salol

Definitions

  • WordNet 3.6
    • n salol a white powder with a pleasant taste and odor; used to absorb light in sun tan lotions or as a preservative or an antiseptic or a coating for pills in which the medicine is intended for enteric release
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Webster's Revised Unabridged Dictionary
    • n Salol (Chem) A white crystalline substance consisting of phenol salicylate.
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Century Dictionary and Cyclopedia
    • n salol Phenyl salicylate, C6H4.OHCO2.C6H5, a salicylic ether forming odorless crystals. It is used as an antiseptic, and internally as a substitute for salicylic acid, being less irritating to the stomach.
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Etymology

Webster's Revised Unabridged Dictionary
Salicylic, + -ol,

Usage

In literature:

Massage was begun again, strychnia and salol were administered, and a short course of full doses of the testicular fluid was given.
"Fat and Blood" by S. Weir Mitchell
Other soaps, containing the phenol group, which are well known are resorcinol soap, salol soap, thymol soap, naphthol soap, etc.
"Soap-Making Manual" by E. G. Thomssen
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In news:

Gary and Lois Kallstrom of Bemidji announce the engagement of their daughter, Sarah Torgeson, to Jason Dahl of Rolla, N.D. Jason is the son of Dale and Julie Dahl of Salol, Minn.
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In science:

Though one observes the expected power law behaviour of the viscosity in many liquids (Taborek et al 1986), accurate dielectric data in salol show a temperature dependence of the power law exponent of τα even well above Tc (Stickel et al 1995).
Energy landscape - a key concept for the dynamics of glasses and liquids
We analyze light scattering, dielectric, calorimetric and dilatometric measurements of three prototype glass formers, orthoterphenyl, salol, and glycerol.
Can experiments select the configurational component of excess entropy?
Our method is tested on three different prototype glass formers, orthoterphenyl, salol, and glycerol and for relaxation data, obtained by dielectric spectroscopy and light scattering.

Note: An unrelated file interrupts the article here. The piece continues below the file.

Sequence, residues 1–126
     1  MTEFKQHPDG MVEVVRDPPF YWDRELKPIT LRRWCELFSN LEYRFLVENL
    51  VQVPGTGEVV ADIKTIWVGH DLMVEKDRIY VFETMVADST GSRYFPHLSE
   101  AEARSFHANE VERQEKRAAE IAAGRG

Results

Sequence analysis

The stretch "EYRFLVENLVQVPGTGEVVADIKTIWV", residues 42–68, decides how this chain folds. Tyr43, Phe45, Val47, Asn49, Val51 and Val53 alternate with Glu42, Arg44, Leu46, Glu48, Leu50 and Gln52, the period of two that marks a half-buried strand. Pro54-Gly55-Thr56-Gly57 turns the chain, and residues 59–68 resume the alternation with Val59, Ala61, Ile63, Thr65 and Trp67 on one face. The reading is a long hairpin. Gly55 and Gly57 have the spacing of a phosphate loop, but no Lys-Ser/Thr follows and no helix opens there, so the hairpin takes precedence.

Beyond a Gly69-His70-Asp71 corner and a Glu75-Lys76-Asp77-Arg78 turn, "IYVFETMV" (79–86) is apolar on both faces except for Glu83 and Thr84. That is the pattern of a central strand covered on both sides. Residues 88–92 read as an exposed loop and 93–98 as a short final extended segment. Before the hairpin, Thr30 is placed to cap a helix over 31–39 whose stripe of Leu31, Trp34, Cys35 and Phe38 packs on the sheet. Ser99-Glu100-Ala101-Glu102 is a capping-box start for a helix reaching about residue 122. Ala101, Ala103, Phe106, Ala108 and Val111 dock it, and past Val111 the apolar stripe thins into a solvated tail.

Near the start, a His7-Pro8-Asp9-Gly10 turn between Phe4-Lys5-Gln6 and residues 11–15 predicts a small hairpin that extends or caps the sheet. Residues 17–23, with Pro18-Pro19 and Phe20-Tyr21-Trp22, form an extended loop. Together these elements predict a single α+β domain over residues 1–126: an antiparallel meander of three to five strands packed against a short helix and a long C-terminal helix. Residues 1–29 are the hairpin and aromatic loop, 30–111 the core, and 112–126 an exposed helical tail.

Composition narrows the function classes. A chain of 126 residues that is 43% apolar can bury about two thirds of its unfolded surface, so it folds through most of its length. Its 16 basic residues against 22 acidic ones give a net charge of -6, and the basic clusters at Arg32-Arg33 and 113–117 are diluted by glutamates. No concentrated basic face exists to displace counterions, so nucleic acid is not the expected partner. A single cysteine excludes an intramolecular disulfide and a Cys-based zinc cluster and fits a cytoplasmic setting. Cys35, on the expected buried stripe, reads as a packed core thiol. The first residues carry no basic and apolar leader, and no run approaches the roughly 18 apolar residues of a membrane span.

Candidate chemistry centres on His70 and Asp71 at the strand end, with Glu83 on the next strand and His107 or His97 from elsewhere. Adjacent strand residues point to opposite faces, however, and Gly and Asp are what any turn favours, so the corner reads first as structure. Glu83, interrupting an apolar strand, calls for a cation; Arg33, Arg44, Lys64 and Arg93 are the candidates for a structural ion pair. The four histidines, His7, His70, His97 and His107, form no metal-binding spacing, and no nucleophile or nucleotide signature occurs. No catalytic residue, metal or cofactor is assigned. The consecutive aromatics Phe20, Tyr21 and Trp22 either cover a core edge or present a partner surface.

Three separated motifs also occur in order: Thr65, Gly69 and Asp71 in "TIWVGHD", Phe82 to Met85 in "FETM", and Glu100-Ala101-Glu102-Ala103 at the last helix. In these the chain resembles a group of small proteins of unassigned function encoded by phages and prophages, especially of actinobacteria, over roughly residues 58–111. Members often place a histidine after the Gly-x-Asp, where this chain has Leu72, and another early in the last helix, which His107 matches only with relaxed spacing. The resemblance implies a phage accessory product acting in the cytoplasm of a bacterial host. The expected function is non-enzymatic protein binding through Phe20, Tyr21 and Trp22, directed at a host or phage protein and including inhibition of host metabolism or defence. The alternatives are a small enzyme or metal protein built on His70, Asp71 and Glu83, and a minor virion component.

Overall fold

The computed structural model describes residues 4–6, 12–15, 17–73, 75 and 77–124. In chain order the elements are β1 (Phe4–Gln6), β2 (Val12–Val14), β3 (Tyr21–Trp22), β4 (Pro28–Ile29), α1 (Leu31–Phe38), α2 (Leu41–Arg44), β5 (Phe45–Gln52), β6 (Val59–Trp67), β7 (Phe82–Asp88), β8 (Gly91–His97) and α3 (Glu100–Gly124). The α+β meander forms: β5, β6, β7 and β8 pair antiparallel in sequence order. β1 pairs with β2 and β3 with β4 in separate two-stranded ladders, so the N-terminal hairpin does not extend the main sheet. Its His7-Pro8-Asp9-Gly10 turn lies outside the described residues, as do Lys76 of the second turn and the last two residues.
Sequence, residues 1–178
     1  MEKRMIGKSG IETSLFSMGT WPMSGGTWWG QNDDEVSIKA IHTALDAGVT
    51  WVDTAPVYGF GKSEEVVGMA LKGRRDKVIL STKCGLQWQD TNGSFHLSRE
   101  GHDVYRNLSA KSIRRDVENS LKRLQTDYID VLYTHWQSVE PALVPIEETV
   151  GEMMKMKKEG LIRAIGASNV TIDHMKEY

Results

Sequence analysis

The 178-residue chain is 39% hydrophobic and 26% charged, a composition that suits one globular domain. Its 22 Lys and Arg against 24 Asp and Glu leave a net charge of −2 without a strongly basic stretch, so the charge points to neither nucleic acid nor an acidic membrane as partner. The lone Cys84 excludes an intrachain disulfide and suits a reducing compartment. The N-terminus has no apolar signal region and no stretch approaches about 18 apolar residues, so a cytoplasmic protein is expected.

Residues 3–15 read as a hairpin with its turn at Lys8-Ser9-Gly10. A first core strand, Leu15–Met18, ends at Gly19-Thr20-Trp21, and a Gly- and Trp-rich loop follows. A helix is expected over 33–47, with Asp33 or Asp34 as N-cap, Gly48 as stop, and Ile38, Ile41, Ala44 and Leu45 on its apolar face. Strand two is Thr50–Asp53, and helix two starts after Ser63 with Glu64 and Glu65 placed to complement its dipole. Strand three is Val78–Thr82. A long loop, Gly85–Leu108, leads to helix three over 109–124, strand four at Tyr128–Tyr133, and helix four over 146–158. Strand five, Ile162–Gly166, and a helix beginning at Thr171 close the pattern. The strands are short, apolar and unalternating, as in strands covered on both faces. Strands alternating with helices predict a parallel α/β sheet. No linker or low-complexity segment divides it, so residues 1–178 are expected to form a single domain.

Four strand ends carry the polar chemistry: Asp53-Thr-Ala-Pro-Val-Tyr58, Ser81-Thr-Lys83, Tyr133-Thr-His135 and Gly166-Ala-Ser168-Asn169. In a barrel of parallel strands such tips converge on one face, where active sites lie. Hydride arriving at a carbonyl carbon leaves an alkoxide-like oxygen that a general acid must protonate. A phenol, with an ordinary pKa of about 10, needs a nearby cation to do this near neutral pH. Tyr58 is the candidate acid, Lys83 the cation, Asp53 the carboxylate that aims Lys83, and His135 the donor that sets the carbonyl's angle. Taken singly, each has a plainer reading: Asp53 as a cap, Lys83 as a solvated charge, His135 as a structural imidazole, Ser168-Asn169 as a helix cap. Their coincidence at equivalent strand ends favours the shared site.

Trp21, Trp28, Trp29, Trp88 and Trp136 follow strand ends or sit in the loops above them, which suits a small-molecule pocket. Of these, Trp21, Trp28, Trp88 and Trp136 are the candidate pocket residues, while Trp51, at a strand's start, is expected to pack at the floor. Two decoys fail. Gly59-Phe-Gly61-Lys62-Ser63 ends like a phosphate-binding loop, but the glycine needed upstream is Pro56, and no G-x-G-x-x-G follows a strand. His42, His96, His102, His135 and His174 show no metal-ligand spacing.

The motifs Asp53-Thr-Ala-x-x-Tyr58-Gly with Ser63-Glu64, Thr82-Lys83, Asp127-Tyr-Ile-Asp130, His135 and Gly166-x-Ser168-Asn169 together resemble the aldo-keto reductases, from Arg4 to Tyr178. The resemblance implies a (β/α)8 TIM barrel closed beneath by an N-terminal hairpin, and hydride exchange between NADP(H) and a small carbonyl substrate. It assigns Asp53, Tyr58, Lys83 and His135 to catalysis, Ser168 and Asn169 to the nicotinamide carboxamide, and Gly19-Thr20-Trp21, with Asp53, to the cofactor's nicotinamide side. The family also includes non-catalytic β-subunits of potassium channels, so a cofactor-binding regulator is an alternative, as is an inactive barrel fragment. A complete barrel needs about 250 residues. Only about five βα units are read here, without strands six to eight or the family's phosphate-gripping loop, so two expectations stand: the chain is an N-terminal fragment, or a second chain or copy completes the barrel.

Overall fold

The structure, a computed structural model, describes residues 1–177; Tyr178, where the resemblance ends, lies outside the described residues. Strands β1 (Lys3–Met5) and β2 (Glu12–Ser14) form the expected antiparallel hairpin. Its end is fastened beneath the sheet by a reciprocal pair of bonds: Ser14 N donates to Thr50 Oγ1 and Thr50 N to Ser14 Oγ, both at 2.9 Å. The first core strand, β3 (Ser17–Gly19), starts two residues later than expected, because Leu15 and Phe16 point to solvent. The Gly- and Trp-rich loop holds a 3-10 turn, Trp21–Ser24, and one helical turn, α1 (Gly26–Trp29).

Can experiments select the configurational component of excess entropy?
In the following we consider three model glass-formers: orthoterphenyl (OTP), phenyl salycilate (salol), and glycerol.
Can experiments select the configurational component of excess entropy?
Salol.— Precise determination of the heat capacity of salol under atmospheric pressure is due to Oguni .
Can experiments select the configurational component of excess entropy?
Because of the not very high quality of the data, and with the background of the analysis of OTP and salol in place, we undertake the fit procedure with (∂ V /∂ T )vibr constrained to a physical value.
Can experiments select the configurational component of excess entropy?
It is shown that this scenario explains the optical-Kerr-effect data measured for salol and benzophenone (BZP).
The Cole-Cole Law for Critical Dynamics in Glass-Forming Liquids
The OKE response of salol was studied by Hinze et. al, and the data were shown to be consistent with the known MCT scaling-law formulas for the temperature decreasing from 340K to 266K .
The Cole-Cole Law for Critical Dynamics in Glass-Forming Liquids
The preceding results shall be demonstrated in a simple schematic model for two different cases where the model parameters are adjusted to reproduce the data measured for benzophenone (BZP) and salol [9, 10, 12] The simplest MCT models deal with a single correlation function only.
The Cole-Cole Law for Critical Dynamics in Glass-Forming Liquids
Five OKE response functions measured for salol and fits by the functions cA (t ) of the above explained schematic model are reproduced in Fig. 4.
The Cole-Cole Law for Critical Dynamics in Glass-Forming Liquids
For salol, as opposed to BZP, the minimum position decreases strongly with decreasing |e|, in qualitative agreement with the first-scaling-law results.
The Cole-Cole Law for Critical Dynamics in Glass-Forming Liquids
FIG. 9: Asymptotic description of the minimum in salol.
The Cole-Cole Law for Critical Dynamics in Glass-Forming Liquids
The full line reproduces the salol loss spectrum for T = 247K from Fig. 6 and the dashed one exhibits the spectrum of the extended Cole-Cole susceptibility, Eq. (32a).
The Cole-Cole Law for Critical Dynamics in Glass-Forming Liquids
Different from the case for BZP, the lowest temperature available for salol, T = 247K, is described by a much smaller distance parameter, e ≈ 0.01, and therefore shares a larger frequency regime, say w . 0.1ps−1 , with the critical loss spectrum, see the lower panel of Fig. 6.
The Cole-Cole Law for Critical Dynamics in Glass-Forming Liquids
While the leading-order result alone is not sufficient to describe the measured data quantitatively, the power-law expansion in Eq. (11a) yields a satisfactory description that is superior to the Cole-Cole solution . (2) If wc q is close to t −1 mic , one encounters a scenario demonstrated in Fig. 9 for salol.
The Cole-Cole Law for Critical Dynamics in Glass-Forming Liquids
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